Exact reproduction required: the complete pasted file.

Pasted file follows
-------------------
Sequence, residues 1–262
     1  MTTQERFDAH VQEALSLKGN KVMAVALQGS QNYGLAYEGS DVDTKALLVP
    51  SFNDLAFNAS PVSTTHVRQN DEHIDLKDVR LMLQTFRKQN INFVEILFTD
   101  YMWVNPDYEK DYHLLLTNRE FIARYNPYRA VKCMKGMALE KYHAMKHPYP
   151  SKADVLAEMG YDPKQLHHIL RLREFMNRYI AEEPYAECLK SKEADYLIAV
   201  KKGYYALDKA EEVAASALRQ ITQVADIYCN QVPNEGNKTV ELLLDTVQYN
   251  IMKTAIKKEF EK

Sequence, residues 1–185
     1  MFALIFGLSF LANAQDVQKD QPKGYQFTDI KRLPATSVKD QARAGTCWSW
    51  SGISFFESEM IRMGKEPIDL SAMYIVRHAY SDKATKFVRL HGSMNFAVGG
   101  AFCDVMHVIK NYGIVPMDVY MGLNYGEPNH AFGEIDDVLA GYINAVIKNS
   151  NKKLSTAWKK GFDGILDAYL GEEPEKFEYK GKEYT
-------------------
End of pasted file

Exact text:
Sequence, residues 1–262
     1  MTTQERFDAH VQEALSLKGN KVMAVALQGS QNYGLAYEGS DVDTKALLVP
    51  SFNDLAFNAS PVSTTHVRQN DEHIDLKDVR LMLQTFRKQN INFVEILFTD
   101  YMWVNPDYEK DYHLLLTNRE FIARYNPYRA VKCMKGMALE KYHAMKHPYP
   151  SKADVLAEMG YDPKQLHHIL RLREFMNRYI AEEPYAECLK SKEADYLIAV
   201  KKGYYALDKA EEVAASALRQ ITQVADIYCN QVPNEGNKTV ELLLDTVQYN
   251  IMKTAIKKEF EK

Sequence, residues 1–185
     1  MFALIFGLSF LANAQDVQKD QPKGYQFTDI KRLPATSVKD QARAGTCWSW
    51  SGISFFESEM IRMGKEPIDL SAMYIVRHAY SDKATKFVRL HGSMNFAVGG
   101  AFCDVMHVIK NYGIVPMDVY MGLNYGEPNH AFGEIDDVLA GYINAVIKNS
   151  NKKLSTAWKK GFDGILDAYL GEEPEKFEYK GKEYT